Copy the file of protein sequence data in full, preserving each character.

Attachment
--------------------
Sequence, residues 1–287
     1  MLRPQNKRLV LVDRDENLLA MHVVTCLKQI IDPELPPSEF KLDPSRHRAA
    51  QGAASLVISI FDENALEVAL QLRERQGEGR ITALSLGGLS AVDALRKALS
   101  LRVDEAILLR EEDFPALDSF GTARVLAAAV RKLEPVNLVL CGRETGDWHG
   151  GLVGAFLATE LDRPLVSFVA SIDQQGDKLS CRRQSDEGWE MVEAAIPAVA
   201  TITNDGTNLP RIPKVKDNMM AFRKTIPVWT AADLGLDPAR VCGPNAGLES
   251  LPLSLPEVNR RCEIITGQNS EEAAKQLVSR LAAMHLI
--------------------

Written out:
Sequence, residues 1–287
     1  MLRPQNKRLV LVDRDENLLA MHVVTCLKQI IDPELPPSEF KLDPSRHRAA
    51  QGAASLVISI FDENALEVAL QLRERQGEGR ITALSLGGLS AVDALRKALS
   101  LRVDEAILLR EEDFPALDSF GTARVLAAAV RKLEPVNLVL CGRETGDWHG
   151  GLVGAFLATE LDRPLVSFVA SIDQQGDKLS CRRQSDEGWE MVEAAIPAVA
   201  TITNDGTNLP RIPKVKDNMM AFRKTIPVWT AADLGLDPAR VCGPNAGLES
   251  LPLSLPEVNR RCEIITGQNS EEAAKQLVSR LAAMHLI